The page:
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This handbook provides a systematic overview of the legal concept and the meaning of human dignity for each European state and the European Union. For each of these 43 countries and the EU, it scrutinizes three main aspects: the constitution, legislation, and application of law (court rulings). The book addresses and presents answers to important questions relating to the concept of human dignity. These questions include the following: What is the meaning of human dignity? What is the legal status of the respective human dignity norms? Are human dignity norms of a programmatic nature, or do they establish an individual right which can be invoked before court? Is human dignity inviolable?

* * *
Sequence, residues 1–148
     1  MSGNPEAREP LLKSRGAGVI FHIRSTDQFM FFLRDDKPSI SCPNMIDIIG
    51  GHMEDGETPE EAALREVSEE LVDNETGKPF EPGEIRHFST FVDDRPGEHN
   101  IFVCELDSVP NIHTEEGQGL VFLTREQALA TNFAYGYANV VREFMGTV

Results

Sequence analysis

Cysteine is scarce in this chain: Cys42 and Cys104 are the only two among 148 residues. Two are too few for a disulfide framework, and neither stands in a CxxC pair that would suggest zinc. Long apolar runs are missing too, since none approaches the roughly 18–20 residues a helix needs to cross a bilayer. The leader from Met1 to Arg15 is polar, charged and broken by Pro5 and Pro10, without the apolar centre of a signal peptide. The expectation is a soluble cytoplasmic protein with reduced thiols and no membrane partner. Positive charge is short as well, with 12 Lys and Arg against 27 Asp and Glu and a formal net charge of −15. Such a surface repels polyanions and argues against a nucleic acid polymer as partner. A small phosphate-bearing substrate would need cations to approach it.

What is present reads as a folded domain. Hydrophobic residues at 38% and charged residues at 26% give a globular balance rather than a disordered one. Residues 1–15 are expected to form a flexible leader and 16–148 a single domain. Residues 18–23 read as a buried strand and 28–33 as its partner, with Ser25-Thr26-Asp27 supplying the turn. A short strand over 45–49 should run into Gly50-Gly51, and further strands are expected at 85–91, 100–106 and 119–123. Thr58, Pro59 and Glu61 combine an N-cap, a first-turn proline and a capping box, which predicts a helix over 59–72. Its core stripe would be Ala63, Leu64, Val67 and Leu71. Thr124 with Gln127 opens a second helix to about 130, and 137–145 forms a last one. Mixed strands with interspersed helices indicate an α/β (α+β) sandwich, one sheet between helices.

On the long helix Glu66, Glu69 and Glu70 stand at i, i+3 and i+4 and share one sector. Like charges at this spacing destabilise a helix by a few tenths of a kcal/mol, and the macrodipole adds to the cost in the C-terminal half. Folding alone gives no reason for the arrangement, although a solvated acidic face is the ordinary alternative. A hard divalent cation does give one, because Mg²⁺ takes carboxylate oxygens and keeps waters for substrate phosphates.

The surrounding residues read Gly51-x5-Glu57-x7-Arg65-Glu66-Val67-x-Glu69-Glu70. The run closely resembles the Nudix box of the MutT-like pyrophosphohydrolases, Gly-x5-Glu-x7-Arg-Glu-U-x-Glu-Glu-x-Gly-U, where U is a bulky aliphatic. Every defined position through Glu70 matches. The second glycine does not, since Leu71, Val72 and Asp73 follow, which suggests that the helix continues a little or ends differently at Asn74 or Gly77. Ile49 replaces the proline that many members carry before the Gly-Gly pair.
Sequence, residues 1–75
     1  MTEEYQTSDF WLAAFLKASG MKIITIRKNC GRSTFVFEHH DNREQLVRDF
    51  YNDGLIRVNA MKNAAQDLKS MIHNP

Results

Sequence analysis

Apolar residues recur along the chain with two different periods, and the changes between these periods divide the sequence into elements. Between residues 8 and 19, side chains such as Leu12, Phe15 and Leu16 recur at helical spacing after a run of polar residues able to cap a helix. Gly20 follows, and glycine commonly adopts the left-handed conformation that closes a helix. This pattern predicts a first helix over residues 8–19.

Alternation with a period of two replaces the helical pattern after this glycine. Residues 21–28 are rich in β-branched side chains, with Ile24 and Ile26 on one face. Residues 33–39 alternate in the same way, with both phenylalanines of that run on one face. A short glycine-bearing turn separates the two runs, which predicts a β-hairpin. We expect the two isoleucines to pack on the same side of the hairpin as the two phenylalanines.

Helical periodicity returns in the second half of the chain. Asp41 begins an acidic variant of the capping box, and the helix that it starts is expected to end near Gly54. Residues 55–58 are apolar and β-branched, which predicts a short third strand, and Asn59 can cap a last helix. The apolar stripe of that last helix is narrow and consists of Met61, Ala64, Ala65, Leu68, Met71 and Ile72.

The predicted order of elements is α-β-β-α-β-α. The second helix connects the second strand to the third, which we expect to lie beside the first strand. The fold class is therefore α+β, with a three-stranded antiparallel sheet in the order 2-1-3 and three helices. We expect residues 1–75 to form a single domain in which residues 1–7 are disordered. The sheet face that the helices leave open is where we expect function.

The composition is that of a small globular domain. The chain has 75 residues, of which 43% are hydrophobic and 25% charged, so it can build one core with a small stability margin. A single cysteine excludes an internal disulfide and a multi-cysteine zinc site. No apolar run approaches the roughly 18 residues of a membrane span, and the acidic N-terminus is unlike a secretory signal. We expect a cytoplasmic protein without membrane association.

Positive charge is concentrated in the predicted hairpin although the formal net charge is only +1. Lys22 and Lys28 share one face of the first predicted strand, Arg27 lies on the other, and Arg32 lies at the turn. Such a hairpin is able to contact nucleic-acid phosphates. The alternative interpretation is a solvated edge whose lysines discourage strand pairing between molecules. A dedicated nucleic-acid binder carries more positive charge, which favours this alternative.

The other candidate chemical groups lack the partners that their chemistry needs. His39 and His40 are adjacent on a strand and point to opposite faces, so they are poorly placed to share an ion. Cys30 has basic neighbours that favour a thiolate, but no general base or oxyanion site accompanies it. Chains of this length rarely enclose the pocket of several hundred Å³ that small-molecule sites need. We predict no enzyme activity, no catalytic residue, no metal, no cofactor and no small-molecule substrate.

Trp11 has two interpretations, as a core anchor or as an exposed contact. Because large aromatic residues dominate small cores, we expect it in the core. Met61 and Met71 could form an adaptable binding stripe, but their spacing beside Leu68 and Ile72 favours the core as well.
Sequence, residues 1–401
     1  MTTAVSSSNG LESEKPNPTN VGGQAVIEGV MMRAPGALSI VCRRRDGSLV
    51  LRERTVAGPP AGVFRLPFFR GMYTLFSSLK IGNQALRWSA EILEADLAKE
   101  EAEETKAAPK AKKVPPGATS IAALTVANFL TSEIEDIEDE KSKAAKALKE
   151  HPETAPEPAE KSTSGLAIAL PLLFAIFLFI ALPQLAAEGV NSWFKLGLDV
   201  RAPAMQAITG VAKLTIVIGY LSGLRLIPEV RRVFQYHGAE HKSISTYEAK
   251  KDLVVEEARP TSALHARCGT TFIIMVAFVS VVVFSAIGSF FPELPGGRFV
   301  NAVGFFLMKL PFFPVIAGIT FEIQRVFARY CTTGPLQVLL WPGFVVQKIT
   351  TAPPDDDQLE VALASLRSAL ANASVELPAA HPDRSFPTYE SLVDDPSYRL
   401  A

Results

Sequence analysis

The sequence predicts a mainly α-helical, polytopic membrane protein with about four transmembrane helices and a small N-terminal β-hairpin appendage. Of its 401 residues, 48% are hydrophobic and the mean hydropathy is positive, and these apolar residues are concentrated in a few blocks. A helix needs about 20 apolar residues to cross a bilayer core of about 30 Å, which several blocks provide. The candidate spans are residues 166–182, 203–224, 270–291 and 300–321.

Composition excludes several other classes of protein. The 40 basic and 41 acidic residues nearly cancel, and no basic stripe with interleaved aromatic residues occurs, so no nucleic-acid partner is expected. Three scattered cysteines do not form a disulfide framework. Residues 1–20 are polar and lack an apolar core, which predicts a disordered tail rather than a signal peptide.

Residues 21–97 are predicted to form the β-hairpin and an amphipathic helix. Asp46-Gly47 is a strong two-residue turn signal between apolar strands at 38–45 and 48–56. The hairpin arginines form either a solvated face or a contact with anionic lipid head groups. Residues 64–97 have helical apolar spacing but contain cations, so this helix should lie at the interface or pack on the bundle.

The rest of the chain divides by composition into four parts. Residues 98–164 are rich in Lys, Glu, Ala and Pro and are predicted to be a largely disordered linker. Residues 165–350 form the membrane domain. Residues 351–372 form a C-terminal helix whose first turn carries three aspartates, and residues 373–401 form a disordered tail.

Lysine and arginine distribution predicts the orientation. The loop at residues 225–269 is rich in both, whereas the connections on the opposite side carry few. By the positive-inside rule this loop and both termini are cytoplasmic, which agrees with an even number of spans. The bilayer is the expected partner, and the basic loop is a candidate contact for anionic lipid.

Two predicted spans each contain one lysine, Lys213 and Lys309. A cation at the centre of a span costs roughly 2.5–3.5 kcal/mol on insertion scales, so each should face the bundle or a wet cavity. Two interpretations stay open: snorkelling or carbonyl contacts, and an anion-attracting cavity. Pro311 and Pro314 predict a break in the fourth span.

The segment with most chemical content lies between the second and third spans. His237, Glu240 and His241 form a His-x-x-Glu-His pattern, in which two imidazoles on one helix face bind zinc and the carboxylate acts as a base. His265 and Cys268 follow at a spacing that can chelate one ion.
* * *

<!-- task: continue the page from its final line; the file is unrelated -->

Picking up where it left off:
The volume answers these questions from the perspectives of all European countries. As a reaction to the barbaric events during World War II, human dignity (dignitas) found its way into international law. Article 1 of the Universal Declaration of Human Rights (UDHR) states that "[a]ll human beings are born free and equal in dignity and rights." The starting point for developing the concept on a national level was the codification of human dignity in article 1, paragraph 1 of the German Grundgesetz. Consequently, the concept of human dignity spread throughout Europe and, in the context of human rights, became a fundamental legal concept.